As you might have guessed, one of the most common causes of overhydration is drinking too much water too quickly. This is common during endurance events, such as marathons, triathlons, or other intense physical activities, where participants may be encouraged to drink large amounts of water to stay hydrated.
Medical Conditions and Certain Medications
Certain medical conditions can affect the rate at which the body excretes water, leading to overhydration. Some conditions that cause water retention include congestive heart failure, uncontrolled diabetes, liver disease, and kidney problems.[*]
Additionally, certain medications, such as blood pressure medications, diuretics, and certain antidepressants, can contribute to overhydration.
Inadequate Electrolyte Intake
Most people think that proper hydration is all about drinking water. This is incorrect! The other key ingredient is consuming adequate electrolytes, particularly sodium and potassium.
Electrolytes are minerals that have a positive or negative electrical charge when dissolved in water. These charges play an essential role in many functions that keep you alive, including maintaining the balance of fluids in the body (aka supporting proper hydration).
Like water, you lose electrolytes daily through sweat, urine, feces, and (on a bad day) vomit. These electrolytes must be replaced through food, beverages, and supplementation.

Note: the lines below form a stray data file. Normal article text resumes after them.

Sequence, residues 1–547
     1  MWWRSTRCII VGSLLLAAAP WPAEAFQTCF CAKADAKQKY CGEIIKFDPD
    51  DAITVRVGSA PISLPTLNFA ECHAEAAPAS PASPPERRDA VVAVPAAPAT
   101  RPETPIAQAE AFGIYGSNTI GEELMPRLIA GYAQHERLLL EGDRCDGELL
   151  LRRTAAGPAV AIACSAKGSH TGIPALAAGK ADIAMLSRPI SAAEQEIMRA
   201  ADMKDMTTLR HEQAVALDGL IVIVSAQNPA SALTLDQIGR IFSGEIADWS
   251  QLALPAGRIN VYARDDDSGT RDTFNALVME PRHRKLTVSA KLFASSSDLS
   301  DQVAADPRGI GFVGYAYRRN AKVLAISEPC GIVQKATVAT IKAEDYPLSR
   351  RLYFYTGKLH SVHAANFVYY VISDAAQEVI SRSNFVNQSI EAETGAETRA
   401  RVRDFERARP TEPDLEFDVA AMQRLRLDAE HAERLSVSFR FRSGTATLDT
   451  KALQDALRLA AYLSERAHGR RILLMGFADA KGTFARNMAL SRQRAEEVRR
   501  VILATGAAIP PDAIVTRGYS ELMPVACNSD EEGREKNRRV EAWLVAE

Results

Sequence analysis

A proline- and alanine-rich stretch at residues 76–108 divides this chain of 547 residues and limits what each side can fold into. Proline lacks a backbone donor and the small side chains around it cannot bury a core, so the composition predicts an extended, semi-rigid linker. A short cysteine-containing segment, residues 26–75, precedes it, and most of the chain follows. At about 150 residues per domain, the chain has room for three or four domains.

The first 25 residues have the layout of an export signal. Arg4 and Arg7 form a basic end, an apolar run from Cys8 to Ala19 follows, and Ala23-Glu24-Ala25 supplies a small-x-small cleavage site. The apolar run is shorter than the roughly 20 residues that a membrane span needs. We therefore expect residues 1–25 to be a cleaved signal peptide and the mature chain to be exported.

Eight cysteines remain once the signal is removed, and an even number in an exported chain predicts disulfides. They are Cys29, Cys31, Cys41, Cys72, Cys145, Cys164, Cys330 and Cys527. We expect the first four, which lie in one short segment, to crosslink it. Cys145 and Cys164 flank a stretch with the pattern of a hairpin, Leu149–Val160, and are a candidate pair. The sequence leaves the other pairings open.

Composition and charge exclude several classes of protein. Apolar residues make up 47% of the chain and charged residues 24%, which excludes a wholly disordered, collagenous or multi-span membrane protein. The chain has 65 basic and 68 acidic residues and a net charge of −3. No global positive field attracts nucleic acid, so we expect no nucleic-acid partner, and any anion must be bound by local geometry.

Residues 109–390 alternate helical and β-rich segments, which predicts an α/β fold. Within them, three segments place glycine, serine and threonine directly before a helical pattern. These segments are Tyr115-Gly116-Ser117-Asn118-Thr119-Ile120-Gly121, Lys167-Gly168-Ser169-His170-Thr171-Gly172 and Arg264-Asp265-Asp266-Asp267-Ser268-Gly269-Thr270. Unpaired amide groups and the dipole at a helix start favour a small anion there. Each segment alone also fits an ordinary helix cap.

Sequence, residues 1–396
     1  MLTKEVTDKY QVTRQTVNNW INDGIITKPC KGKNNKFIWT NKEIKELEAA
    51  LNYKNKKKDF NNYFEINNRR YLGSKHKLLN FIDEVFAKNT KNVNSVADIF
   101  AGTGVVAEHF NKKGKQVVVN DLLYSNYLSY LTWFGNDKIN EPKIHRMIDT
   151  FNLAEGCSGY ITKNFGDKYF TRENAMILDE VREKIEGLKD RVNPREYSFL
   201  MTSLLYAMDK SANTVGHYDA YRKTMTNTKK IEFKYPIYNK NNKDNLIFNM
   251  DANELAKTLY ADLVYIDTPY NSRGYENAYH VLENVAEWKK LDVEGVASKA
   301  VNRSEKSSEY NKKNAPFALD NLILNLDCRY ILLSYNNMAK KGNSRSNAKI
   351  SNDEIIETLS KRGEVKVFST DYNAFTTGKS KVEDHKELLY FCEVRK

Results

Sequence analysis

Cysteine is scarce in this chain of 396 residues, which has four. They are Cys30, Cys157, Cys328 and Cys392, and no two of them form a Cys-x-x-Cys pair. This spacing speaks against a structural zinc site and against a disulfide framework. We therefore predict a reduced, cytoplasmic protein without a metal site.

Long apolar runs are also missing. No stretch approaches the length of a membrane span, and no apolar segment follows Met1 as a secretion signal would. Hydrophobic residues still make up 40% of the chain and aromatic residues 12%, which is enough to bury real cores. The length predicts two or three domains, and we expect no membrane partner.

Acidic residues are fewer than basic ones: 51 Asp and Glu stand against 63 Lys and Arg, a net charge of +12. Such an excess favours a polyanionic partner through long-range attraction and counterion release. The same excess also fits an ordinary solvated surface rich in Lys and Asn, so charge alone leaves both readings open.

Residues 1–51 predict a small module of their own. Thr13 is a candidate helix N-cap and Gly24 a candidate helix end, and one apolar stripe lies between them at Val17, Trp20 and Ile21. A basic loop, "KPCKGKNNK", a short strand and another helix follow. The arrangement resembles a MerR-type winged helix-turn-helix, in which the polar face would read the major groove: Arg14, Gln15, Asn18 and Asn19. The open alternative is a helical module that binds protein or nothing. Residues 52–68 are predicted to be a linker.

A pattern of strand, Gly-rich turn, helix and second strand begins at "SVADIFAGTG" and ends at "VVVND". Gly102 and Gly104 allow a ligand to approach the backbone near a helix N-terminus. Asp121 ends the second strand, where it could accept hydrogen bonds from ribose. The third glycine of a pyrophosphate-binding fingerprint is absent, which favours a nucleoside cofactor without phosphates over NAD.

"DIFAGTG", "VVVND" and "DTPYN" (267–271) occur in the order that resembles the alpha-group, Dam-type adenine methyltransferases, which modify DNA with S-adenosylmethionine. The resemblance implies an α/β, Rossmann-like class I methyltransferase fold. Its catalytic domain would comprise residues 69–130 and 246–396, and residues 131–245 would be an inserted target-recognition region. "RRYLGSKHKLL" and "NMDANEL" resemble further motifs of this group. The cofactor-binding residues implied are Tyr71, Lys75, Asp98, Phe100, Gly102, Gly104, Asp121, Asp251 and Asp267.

When the body takes in too much water and not enough electrolytes, it can lead to overhydration.
Remedies for Overhydration
Fortunately, there are remedies that can help restore the balance of fluids in your body. Let’s explore some effective ways to treat and prevent overhydration.
Reducing Your Water Intake
If you’re experiencing symptoms of overhydration, immediately reducing your fluid intake will correct the problem in most cases. However, if your symptoms are severe or if reducing your intake doesn’t help alleviate symptoms, it’s imperative to seek medical attention.
Drinking Water with Electrolytes
In terms of preventing overhydration, the key is drinking water (to thrist) with the right balance of electrolytes. Electrolyte-enhanced water can help replenish the electrolytes that the body loses through sweating and urination. In turn, this can help to restore the balance of fluids in the body and prevent overhydration.